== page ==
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Lane had similar incident to Menendez on day 2

Lane had similar incident to Menendez on day 2

Mark Menendez’s encounter with an angry landowner during the St. Lawrence River Elite Series that resulted in Menendez filing a formal complaint with the state DEC wasn’t the only episode where an Elite Series pro was targeted for no apparent reason.

Russ Lane said he was sworn at and had a man in an aluminum multi-species boat drive circles around him and on the area he was fishing during the morning of day 2 at the St. Lawrence River.

After having a stellar day 1 on which he caught 20-12 and was tied for 7th, Lane returned to the same key spot to start day 2. The spot he was fishing featured some deep water adjacent to a sand bar that topped off in 3 feet of water. Lane said many of the fish were right off the side of the bar, but he was hoping there’d be some on top in shallow water early in the morning.

“I stopped the boat about 50 or 60 yards up current from the spot,” Lane said. “That gave me time to unstrap my rods and let the current take me down to the sweet spot. I put my trolling motor down and the sun’s in my face and out of the sun pops this boat barreling right toward me.

“He turns right into the area where it’s 3 feet and does a hook slide and stops. It was like he was trying to race me to that spot and he was upset that he didn’t beat me there.”

Lane said he threw his hands up in the air and said, “What in the world are you doing,” but he doesn’t think the man heard him.

“He immediately jumps up and starts cussing and screaming and hollering at me,” Lane said. “He started telling me how he has a real job and he can fish wherever he wants. Then he puts his engine in gear and does a half circle and blows mud everywhere and goes behind me.

“I asked him why he just did that and he started swearing at me and telling me that I don’t work for a living. I still have no clue what I did to set that guy off.”

Lane said he recognized the man and boat from day 1. Lane recalled catching a bunch of fish on that spot in a short period of time and the man was behind him most of the time.

“He’d drift by and crank up and every time he’d do it, he’d get closer and closer,” Lane said. “I’d be reeling one in and the current would take me off line a bit and there were a couple times we were pretty close to each other. I just wanted some room to breathe.”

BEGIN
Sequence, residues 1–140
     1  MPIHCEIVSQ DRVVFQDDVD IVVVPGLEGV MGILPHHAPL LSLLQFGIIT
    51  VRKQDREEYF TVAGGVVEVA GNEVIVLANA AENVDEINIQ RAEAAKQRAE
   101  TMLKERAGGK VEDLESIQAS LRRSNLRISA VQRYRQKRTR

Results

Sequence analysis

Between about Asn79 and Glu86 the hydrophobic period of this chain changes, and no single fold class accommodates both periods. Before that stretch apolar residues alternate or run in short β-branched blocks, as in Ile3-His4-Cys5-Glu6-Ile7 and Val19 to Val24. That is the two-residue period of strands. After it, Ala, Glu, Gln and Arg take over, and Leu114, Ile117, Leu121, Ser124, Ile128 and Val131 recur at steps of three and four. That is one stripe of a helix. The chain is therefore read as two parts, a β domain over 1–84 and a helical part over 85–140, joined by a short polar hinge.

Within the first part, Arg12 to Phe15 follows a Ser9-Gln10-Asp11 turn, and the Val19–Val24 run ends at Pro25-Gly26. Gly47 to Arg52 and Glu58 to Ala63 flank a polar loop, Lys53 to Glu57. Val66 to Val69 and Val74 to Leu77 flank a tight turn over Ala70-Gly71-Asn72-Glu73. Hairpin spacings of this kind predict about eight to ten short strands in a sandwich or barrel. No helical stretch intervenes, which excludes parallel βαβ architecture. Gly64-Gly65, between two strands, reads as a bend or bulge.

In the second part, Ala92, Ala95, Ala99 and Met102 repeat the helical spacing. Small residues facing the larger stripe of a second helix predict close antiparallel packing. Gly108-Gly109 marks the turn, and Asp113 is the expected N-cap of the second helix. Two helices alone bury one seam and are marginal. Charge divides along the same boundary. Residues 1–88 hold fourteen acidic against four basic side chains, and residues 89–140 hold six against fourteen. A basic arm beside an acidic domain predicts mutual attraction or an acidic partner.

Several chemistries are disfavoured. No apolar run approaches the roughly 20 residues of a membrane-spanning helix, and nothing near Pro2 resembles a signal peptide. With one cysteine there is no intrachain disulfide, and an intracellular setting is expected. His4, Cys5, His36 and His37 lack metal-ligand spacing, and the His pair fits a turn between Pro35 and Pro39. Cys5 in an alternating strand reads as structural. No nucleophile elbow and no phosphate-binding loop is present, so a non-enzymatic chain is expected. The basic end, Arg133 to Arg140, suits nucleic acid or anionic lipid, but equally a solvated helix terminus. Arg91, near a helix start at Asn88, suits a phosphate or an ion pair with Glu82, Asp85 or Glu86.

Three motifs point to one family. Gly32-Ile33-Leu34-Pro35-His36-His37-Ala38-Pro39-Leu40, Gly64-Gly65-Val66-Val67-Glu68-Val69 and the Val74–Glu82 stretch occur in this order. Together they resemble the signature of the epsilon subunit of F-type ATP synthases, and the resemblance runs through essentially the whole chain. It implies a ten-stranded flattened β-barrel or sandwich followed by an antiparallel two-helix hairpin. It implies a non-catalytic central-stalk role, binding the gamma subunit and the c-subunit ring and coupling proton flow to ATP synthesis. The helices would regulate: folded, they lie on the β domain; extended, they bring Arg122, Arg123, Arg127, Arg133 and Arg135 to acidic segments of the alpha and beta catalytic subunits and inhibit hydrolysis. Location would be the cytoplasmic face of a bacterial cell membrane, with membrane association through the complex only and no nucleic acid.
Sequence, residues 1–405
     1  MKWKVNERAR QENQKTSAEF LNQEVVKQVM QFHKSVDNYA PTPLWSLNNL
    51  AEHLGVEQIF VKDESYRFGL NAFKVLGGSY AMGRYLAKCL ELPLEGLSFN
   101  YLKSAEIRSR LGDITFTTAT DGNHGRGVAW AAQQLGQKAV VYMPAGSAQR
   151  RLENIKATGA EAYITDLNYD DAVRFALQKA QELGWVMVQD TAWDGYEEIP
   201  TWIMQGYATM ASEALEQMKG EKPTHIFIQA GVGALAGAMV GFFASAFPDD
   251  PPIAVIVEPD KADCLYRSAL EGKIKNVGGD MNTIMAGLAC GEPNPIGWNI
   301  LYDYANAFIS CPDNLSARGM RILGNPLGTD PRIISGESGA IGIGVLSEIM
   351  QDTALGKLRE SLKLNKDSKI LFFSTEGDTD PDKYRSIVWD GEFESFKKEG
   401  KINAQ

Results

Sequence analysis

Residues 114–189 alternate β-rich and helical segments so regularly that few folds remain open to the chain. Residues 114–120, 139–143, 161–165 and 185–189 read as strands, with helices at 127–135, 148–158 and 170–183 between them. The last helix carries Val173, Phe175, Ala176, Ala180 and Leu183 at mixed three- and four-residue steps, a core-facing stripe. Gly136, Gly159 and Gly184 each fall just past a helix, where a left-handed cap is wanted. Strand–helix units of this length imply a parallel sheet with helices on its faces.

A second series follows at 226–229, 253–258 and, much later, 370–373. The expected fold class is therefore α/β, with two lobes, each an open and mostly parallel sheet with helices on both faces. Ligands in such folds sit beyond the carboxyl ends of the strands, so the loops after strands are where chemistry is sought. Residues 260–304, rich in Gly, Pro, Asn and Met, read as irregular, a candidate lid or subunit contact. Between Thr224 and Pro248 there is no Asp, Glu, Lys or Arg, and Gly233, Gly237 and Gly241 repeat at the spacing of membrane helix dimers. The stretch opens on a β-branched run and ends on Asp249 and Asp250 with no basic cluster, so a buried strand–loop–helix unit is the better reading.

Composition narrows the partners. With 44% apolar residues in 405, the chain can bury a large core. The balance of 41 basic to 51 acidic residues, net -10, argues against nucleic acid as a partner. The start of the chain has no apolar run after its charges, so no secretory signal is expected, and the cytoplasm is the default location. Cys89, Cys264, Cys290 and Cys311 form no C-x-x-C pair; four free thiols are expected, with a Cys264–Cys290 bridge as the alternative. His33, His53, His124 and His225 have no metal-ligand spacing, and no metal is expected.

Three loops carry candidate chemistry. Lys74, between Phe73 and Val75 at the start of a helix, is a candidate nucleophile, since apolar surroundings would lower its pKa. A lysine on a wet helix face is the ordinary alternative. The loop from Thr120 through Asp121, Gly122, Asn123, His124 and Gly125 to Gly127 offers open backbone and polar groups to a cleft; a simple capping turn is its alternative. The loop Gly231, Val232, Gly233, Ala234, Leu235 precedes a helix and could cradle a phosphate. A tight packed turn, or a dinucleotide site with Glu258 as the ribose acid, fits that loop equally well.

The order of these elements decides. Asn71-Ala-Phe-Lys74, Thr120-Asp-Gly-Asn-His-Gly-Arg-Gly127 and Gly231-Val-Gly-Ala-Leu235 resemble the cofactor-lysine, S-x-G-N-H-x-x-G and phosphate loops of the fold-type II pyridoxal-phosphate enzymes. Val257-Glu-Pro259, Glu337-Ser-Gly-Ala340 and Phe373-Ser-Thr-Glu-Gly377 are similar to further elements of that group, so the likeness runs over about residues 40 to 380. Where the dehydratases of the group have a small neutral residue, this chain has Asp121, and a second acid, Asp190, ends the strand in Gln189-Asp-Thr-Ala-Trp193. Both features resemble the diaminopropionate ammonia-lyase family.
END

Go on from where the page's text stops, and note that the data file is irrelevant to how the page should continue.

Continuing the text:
Lane said they never spoke to each other on day 1.

Lane said the day-2 encounter lasted a matter of a few minutes, but the man’s actions effectively rendered the area unfishable for a while. The man eventually left Lane alone and Lane watched as he motored up to the next point in the vicinity of what Lane believes was another Elite Series competitor.

It left Lane frustrated as these sorts of incidents are happening too frequently for his liking.

“His intentions, in my heart, were to beat me to that place and make life miserable for me,” Lane said. “I’m not going to sugar coat it. It’s the whole mentality that you have something I don’t and I deserve a piece of what you have. That’s the mentality I’ve just about had enough of. I am sick to death of it. That’s what it boils down to for me.

“There have always been pro fisherman and there have always been confrontations, but not to the extreme there is now.”

Lane said he wasn’t aware of the angler harassment laws that New York has in place until he heard about Menendez’s situation. Lane said he nor his marshal took a picture or video of the man or the boat.

“My priority, in the moment, was getting a bite and that was my 100 percent focus,” he said. “I just wanted him to move on. I didn’t care about pictures. I just wanted to get a bite.

“I want people to know. I’m not blaming him for having a bad day. I have no excuse for not catching five that day. That’s on me.”

Lane thinks one thing B.A.S.S. and FLW can do in the future is if there is hard evidence that someone has harassed a tournament competitor, those people should be banned from any tournaments held by the organizations and a recommendation be sent to the local circuits to follow suit.

“That might be a deterrent if it happens enough,” he said. “I know one thing: My GoPro will be on every day that I’m on the water from now on because now, I have to be looking over my shoulder all the time.”

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